If our laws regarding legal residency and access to the benefits of citizenship were upheld, we wouldn't have this problem in the first place. It's precisely the lax complacence with which our policies have been maintained, that the overwhelming waves of illegals have come here in the first place. Once we stabilize the situation by stopping the influx, it's possible that compromises and "comprehensive" alternatives can be explored. But as long as our policies are perceived as capitulating to further incursion, the problem will continue.

8 million today, 20 million by 2015, and 50 million by 2025. With each increment of worsening condition, the issue becomes more contentious. Your solution?--do nothing, or open the borders, or trivialize American citizenship by making it as meaningless as a visitor's visa. Who gives a shit about the cost? The inequity? The exploitation?

And who cares whether we wake up in ten years, and the entire West Coast of the U.S. resembles the Mexico City dump, with open sewers, shanty-towns, widespread disease, poverty, civil strife, and social chaos. People like you will still be wringing your hands and volunteering at the local food giveaway center, handing out free blankets, and referring non-English speakers to free legal advice services and a bloated Welfare Department.

Pardon me while I repair to the john and regurgitate my lunch.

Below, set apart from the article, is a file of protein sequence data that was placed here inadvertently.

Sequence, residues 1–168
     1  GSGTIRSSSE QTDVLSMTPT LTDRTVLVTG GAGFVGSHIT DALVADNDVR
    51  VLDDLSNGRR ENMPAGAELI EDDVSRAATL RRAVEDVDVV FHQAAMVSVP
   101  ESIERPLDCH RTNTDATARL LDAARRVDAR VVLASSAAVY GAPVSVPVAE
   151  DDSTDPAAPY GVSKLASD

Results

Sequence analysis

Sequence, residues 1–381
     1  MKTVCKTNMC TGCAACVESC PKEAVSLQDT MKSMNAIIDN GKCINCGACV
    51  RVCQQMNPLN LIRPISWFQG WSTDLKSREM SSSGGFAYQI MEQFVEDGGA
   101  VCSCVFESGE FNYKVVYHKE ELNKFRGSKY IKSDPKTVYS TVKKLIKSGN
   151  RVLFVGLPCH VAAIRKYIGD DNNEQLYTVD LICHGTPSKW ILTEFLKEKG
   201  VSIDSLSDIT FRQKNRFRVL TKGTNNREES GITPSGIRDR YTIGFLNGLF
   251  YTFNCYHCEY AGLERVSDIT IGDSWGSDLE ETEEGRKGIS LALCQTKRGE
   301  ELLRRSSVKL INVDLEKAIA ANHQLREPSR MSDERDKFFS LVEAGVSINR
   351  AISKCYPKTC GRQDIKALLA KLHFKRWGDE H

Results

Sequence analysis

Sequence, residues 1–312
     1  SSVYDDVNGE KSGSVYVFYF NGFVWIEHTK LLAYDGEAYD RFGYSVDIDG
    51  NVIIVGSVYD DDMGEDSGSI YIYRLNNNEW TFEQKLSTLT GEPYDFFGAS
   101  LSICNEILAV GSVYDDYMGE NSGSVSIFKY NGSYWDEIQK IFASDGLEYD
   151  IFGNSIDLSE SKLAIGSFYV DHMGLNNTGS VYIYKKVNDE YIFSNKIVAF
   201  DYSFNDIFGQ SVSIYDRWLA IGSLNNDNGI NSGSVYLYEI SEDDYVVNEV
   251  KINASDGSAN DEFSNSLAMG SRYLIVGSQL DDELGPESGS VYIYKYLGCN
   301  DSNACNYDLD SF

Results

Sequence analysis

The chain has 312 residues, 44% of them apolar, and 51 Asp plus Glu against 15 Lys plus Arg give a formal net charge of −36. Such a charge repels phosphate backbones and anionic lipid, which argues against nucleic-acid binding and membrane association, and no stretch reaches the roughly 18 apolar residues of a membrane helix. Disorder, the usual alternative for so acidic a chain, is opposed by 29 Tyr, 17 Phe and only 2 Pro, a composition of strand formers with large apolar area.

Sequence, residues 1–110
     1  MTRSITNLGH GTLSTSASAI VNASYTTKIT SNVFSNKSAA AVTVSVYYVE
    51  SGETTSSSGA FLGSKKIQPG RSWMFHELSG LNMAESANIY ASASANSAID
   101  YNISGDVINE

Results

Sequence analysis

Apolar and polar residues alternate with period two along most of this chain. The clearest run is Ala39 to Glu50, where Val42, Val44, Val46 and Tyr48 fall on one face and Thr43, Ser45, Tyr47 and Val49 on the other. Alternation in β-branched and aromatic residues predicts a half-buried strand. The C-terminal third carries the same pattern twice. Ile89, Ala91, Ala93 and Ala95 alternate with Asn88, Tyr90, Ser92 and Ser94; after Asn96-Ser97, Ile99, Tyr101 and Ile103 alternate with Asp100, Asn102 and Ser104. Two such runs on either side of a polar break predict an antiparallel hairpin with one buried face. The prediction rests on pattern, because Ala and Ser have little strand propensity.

Ed Baker said...
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Joseph Hutchison said...

"[W]ho cares whether we wake up in ten years, and the entire West Coast of the U.S. resembles the Mexico City dump, with open sewers, shanty-towns, widespread disease, poverty, civil strife, and social chaos."

A nightmare to be sure. Especially that part about "the entire West Coast." I can already smell the shanty towns of Eureka, the open sewers of Coos Bay, the civil strife in Aberdeen, where the disease-ridden Mexican outlaws sow their social chaos among the innocent Quinault Indians (trapped as they are between the chilly Pacific and Highway 101).

I get it. You're scared. There are plenty of people with an inner Pat Buchanan who hunches into the wee hours furiously underlining a tattered two-volume edition of Spengler. I wish you well, though I suspect the future will be both stranger and more familiar than either of us can imagine.

Curtis Faville said...

Well, Joseph, now that we've indulged each other's sarcasm and evoked some familiar demons, perhaps we can leave this particular argument for another day.

Stories published in the last week point to new trends in American demographics. As influxes from Central and South American slow, the pace of Asian immigration is growing rapidly.